An FAQ Focused on College Degrees

With the end of every school year comes the idea of uncertainty of what’s next, and how you might get there, epically for the seniors of the 2020-21 school year. Steps can be taken to complete a college application or file for student aid or loans, but choosing what to do for the rest of your life is a strenuous decision that will have an impact on the rest of your life. Questions fly through the air and, sometimes it’s hard to find answers.

Listed below are ten general questions that might help you choose which degree you might pursue to get the job you want:


1. What are the levels of college degrees?

College degrees have four major categories for degrees: Associate’s, Bachelor’s, Master’s, and Doctoral. The degrees on their own can take two to eight years to complete depending on the degree you chose, and the field you’re going to study. Associates Degrees usually take around two years to complete. Both Bachelors and Masters Degrees can take anywhere from two to a cap of six years to complete, and a Doctorate or Ph.D. takes at least four years to complete.


2. Which college degree should I get for my field of study?

The college degree you get is based entirely on what you want to do with it, and how far you think you’ll be able to go with it. Some are content with an Associates Degree, and the limited knowledge that might come with it. Many, however, would recommend a Bachelor’s Degree at least, to gain the basic knowledge of the field you’re studying. A Master’s degree is also a decent choice to achieve for any field of study, and would only require an extra year or two of study. A Doctorate of Ph.D., however, is usually reserved for medical degrees and those going into the intensive or extensive field of study, and would not be recommended by many to achieve.


3. Is it good to get a Doctorate degree?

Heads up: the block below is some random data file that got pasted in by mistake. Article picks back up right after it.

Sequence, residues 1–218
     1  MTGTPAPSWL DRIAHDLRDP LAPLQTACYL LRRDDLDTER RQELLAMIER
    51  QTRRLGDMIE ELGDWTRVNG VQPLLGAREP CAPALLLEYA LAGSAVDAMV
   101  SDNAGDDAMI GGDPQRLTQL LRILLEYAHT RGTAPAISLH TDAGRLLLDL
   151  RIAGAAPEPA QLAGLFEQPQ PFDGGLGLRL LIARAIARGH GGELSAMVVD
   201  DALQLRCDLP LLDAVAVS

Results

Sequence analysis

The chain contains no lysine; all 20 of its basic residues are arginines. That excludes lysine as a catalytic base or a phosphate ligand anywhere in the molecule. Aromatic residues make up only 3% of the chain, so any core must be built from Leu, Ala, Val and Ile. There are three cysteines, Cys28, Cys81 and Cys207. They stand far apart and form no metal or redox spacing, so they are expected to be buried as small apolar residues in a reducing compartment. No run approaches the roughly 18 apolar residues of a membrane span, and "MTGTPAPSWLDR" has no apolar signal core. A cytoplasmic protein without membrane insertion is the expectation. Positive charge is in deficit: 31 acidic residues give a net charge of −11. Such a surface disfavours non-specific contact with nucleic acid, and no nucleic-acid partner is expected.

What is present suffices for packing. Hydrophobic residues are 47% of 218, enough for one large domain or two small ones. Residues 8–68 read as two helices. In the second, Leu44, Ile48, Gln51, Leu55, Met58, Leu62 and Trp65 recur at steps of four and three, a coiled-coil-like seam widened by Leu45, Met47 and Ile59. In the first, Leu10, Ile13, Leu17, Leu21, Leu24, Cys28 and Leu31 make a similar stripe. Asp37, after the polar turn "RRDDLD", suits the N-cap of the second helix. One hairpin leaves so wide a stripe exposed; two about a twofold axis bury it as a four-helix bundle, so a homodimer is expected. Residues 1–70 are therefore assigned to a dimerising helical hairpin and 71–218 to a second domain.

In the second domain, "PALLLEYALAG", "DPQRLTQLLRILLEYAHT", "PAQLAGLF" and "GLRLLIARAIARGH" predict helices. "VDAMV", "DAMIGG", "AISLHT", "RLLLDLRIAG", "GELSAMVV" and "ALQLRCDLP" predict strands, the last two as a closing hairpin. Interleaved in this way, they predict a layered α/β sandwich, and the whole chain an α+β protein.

Of course, you can get a doctorate degree, but whether you should is an entirely different matter. By getting the credentials you affirm that you know exactly what you’re talking about, but in most cases, while you’re working on getting your doctorate or Ph.D., your peers who only went for a bachelor’s or master’s degree may have already advanced and established your careers. All-in-all a doctorate or Ph.D. is not recommended. For many medical professions, however, and professions like researchers and college professors, a Ph.D. is mandatory.


4. Can/Should I Double Major?

Double majoring is a popular choice if both majors you want to obtain are close to are nearly the same profession, Like a Finance and Accounting double major, or the majors for Engineering and Mathematics. Having this extra knowledge for your field can help with gaining an internship or a job. 

Many colleges have a chance of double majoring as well, as well as pre-made schedules for classes and possible internships to allow students to complete a double major within four/five years. Double majoring is a good idea if there’s a second major that you may need to make it further into your career.


5. What is a Minor?/Should I Get a Minor?